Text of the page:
The outcomes (prognosis) for juvenile idiopathic arthritic varies by individual; however, the disease is generally characterized by flare-ups followed by periods of no symptoms. Treatments can help control symptoms. While the disease eventually disappears in nearly 50% of children with juvenile idiopathic arthritis, some children may continue to have symptoms for several years. Children with juvenile idiopathic arthritis who experience severe symptoms may have permanent joint or bone damage and abnormalities, as well as stunted growth, or rarely—kidney, heart, or endocrine system disorders.

What are the possible complications for Juvenile Idiopathic Arthritis?

Possible complications of juvenile idiopathic arthritis can be serious, such as stunted growth and bone development, permanent joint damage, and eye inflammation (cataracts, glaucoma, iridocyclitis, uveitis, or blindness). Children with oliogoarthritis should have frequent eye examinations.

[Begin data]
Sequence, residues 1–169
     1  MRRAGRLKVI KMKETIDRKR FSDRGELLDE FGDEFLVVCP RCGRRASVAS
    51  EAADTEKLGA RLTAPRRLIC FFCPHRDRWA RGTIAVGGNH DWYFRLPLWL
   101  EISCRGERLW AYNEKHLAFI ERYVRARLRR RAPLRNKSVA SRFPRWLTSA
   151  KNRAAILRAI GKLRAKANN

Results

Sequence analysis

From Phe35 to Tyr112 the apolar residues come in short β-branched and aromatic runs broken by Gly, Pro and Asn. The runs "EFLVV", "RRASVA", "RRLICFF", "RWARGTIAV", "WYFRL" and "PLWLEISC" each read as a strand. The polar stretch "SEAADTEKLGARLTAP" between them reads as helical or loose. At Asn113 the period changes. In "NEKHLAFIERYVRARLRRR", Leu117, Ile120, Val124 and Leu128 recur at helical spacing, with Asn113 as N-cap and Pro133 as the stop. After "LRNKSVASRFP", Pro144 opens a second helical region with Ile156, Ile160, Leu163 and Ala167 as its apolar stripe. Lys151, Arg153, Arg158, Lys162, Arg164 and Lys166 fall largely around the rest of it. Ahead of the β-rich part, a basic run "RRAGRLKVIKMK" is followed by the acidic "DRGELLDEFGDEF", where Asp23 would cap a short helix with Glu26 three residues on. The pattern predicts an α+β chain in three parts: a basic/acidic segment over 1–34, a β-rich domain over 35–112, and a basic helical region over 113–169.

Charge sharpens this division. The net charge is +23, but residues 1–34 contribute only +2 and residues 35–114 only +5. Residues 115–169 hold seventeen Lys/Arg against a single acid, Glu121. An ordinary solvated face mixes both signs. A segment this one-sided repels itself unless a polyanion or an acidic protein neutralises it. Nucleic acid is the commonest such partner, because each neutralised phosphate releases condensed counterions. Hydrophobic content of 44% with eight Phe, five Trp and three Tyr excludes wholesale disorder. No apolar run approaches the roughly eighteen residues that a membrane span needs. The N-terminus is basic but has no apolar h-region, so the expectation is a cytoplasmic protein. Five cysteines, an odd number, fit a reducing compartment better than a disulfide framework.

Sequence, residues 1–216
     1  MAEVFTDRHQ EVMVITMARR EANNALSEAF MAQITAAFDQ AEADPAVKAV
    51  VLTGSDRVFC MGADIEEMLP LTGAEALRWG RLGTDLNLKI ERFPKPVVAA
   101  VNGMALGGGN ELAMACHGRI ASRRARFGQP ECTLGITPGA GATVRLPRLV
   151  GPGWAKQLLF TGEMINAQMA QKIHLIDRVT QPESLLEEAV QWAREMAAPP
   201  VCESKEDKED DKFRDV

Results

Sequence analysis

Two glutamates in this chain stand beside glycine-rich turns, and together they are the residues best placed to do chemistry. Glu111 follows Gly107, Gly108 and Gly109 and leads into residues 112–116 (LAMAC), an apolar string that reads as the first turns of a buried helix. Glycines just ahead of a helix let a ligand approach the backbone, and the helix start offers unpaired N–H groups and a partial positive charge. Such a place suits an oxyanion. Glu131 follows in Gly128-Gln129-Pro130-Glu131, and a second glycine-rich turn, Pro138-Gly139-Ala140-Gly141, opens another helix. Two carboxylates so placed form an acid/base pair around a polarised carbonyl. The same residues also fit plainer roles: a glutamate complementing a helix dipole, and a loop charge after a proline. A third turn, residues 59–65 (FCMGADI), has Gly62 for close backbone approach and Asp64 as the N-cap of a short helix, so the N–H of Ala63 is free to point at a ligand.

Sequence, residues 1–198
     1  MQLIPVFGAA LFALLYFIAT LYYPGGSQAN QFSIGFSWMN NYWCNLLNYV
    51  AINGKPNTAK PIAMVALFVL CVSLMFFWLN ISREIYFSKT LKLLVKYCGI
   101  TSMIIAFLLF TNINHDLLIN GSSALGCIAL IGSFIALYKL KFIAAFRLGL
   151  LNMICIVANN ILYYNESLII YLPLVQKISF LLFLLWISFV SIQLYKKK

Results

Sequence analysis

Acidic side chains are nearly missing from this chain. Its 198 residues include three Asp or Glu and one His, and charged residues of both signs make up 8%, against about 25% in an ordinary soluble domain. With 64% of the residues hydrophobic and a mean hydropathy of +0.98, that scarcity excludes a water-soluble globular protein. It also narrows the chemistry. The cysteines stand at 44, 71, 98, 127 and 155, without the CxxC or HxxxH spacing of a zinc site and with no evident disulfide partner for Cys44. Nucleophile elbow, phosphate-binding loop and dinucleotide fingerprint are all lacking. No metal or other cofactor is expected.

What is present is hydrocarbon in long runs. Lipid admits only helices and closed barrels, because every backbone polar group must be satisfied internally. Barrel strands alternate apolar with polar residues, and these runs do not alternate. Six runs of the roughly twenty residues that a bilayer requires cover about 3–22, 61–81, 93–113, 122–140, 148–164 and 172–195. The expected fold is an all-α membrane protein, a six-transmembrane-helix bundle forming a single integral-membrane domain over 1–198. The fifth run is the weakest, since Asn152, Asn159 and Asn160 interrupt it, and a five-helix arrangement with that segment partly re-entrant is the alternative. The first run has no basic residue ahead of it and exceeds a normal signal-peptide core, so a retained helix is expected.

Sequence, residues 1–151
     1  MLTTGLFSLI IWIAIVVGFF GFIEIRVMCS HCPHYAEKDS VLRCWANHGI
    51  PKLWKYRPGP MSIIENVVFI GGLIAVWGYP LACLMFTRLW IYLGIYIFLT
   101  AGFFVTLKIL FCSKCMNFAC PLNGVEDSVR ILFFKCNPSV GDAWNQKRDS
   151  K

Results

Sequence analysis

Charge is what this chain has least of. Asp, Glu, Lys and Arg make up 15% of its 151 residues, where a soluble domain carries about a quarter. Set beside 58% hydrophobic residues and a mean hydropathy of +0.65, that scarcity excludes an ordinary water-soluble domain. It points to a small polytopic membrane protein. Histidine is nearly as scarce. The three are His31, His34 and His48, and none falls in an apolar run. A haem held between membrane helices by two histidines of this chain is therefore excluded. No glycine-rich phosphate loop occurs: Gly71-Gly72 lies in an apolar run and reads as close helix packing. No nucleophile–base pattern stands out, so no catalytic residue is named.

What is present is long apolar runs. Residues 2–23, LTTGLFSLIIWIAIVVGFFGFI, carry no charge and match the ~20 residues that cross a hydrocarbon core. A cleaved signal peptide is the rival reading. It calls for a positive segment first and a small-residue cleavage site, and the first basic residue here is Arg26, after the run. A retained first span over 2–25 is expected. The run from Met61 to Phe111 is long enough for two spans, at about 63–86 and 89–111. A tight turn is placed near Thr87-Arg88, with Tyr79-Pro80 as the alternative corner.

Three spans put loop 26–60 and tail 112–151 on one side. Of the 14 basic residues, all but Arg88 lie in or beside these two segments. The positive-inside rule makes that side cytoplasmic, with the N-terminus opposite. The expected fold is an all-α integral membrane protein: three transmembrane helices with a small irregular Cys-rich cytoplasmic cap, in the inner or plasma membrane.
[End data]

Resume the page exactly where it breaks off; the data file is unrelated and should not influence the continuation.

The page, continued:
When should I contact a medical professional for Juvenile Idiopathic Arthritis?

If your child experiences any of the symptoms of juvenile idiopathic arthritis, such as rash, fever, persistent joint pain, swelling, stiffness, limited motion, or limping for more than one week, make an appointment with their doctor as soon as possible.

How do I prevent Juvenile Idiopathic Arthritis?

There is currently no known method to prevent juvenile idiopathic arthritis.
  • Condition: Juvenile Idiopathic Arthritis (JIA)
  • Journal: Acta reumatologica portuguesa
  • Treatment Used: Disease-Modifying Anti-Rheumatic Drugs Discontinuation
  • Number of Patients: 70
  • Published —
This study presented flare rates and remission after disease-modifying anti-rheumatic drugs therapy discontinuation in children with juvenile (of unknown cause) idiopathic arthritis (JIA).
  • Condition: Children Hospitalized with New-Onset Systemic Iuvenile Idiopathic Arthritis (sJIA)
  • Journal: Pediatric rheumatology online journal
  • Treatment Used: First-Line Biologic Initiation
  • Number of Patients: 468
  • Published —
This study determined the effect of early initiation of biologic therapy on glucocorticoid exposure in hospitalized pediatric patients with new-onset systemic juvenile idiopathic (of unknown cause) arthritis (sJIA).